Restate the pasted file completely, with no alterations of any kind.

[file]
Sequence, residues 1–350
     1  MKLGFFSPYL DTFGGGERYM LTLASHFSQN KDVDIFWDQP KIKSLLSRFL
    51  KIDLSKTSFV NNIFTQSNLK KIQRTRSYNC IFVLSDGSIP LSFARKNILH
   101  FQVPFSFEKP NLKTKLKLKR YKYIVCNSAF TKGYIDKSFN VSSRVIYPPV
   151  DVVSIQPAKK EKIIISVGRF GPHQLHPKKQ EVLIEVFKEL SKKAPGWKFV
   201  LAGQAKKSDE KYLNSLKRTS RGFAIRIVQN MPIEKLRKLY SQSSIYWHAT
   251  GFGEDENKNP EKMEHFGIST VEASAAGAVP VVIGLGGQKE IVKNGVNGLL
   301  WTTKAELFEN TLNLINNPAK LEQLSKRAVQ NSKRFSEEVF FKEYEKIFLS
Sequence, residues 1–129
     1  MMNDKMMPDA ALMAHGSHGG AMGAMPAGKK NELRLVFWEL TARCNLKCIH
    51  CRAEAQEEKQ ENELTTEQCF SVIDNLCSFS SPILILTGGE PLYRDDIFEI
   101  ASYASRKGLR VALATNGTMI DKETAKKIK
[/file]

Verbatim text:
Sequence, residues 1–350
     1  MKLGFFSPYL DTFGGGERYM LTLASHFSQN KDVDIFWDQP KIKSLLSRFL
    51  KIDLSKTSFV NNIFTQSNLK KIQRTRSYNC IFVLSDGSIP LSFARKNILH
   101  FQVPFSFEKP NLKTKLKLKR YKYIVCNSAF TKGYIDKSFN VSSRVIYPPV
   151  DVVSIQPAKK EKIIISVGRF GPHQLHPKKQ EVLIEVFKEL SKKAPGWKFV
   201  LAGQAKKSDE KYLNSLKRTS RGFAIRIVQN MPIEKLRKLY SQSSIYWHAT
   251  GFGEDENKNP EKMEHFGIST VEASAAGAVP VVIGLGGQKE IVKNGVNGLL
   301  WTTKAELFEN TLNLINNPAK LEQLSKRAVQ NSKRFSEEVF FKEYEKIFLS
Sequence, residues 1–129
     1  MMNDKMMPDA ALMAHGSHGG AMGAMPAGKK NELRLVFWEL TARCNLKCIH
    51  CRAEAQEEKQ ENELTTEQCF SVIDNLCSFS SPILILTGGE PLYRDDIFEI
   101  ASYASRKGLR VALATNGTMI DKETAKKIK